Among fishermen, there is an old saying that "fish are where you find them."
On Saturday, youngsters 16 and younger found plenty of fish in Chartiers Creek during Heidelberg's first fishing contest.
The contest was the idea of police Chief Vernon Barkley, an avid fisherman.
After participants registered at the Heidelberg Park on Industry Way, they fanned out to cast their rods into the half-mile section of the creek flowing through the town.
One of the contest rules was that all the fish had to be caught within the borough's borders.
Mayor Kenneth LaSota said the Heidelberg Volunteer Fire Department was on hand with its rescue boat on standby to make sure everyone was safe. The boat wasn't needed.
Public works employees helped to make additional areas of the creek accessible by cutting back brush and weeds, he said.
After the fish were caught and weighed, they were released back into the creek.
William Ford, 13, of Rosslyn Farms caught a 4-pound catfish by the Washington Pike Bridge using hot dogs for bait, but his fish soon was eclipsed by a 4-pound, 11-ounce catfish caught by Riley Miller, 8, of Pleasant Hills. She landed her fish in the creek near Short and Zero streets.
Prizes were awarded for the biggest fish weighed in the individual categories of catfish, bass, carp, perch, sunfish and crappy bass, but Chief Barkley said some sheepshead and sucker fish also were caught.
Walmart, Walgreens and the Heidelberg Marathon gas station were among the businesses donating gift cards, fishing equipment and tents as prizes.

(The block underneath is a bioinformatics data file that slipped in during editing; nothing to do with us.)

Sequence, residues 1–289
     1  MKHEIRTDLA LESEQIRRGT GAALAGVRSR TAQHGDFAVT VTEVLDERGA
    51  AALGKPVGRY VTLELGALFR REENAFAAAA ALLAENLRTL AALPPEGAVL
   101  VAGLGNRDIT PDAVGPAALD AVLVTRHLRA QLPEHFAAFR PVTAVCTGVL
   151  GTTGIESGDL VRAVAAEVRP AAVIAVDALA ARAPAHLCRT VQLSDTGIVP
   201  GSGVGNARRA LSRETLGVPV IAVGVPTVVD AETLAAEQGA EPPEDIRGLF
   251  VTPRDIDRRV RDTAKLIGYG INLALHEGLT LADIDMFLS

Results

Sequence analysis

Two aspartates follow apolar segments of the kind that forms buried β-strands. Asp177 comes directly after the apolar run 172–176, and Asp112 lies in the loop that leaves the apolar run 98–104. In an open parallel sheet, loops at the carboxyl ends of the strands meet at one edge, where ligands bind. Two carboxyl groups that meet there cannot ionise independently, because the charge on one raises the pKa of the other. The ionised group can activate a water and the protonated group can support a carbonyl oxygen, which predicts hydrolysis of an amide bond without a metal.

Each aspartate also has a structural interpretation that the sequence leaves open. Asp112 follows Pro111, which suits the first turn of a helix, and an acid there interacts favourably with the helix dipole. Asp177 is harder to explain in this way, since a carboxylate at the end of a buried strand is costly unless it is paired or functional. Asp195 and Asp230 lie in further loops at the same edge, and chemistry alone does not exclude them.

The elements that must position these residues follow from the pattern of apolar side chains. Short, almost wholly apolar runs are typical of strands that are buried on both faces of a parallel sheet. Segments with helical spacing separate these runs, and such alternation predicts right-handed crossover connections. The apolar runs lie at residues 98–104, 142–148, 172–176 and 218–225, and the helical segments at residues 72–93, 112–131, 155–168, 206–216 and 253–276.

"It was great to see people involved and excited about the event," said Chief Barkley, who was pleased that the contest gave parents an opportunity to spend time with their children.
"The creek is an asset not only for Heidelberg but for other communities, too," Mr. LaSota said, noting about half of the contest participants lived in neighboring communities.
Borough manager Joe Kauer said another benefit of the contest was to help dispel the image that Chartiers Creek is dirty.
"The fish all looked healthy. There was no litter along the creek and plenty of trees. It was very serene," he said.
Bob Hedin, of Hedin Environmental in Mt. Lebanon, who has developed projects over the past two decades to help clean up pollution flowing into the creek from abandoned coal mines, credited local volunteer community groups for taking the initiative to help clean up the creek.
He cited the Allegheny Land Trust for a project at Wingfield Pines in Upper St. Clair to remove iron oxide from the water; the work being done by the South Fayette Conservation Group on the Millers Run, a tributary of the creek; and efforts by the Chartiers Nature Conservancy as all helping to make Chartiers Creek cleaner and able to support healthy fish populations.
"It's nice to see the creek getting better," he said.
Bob Podurgiel, freelance writer: firstname.lastname@example.org. First Published August 16, 2012 9:30 AM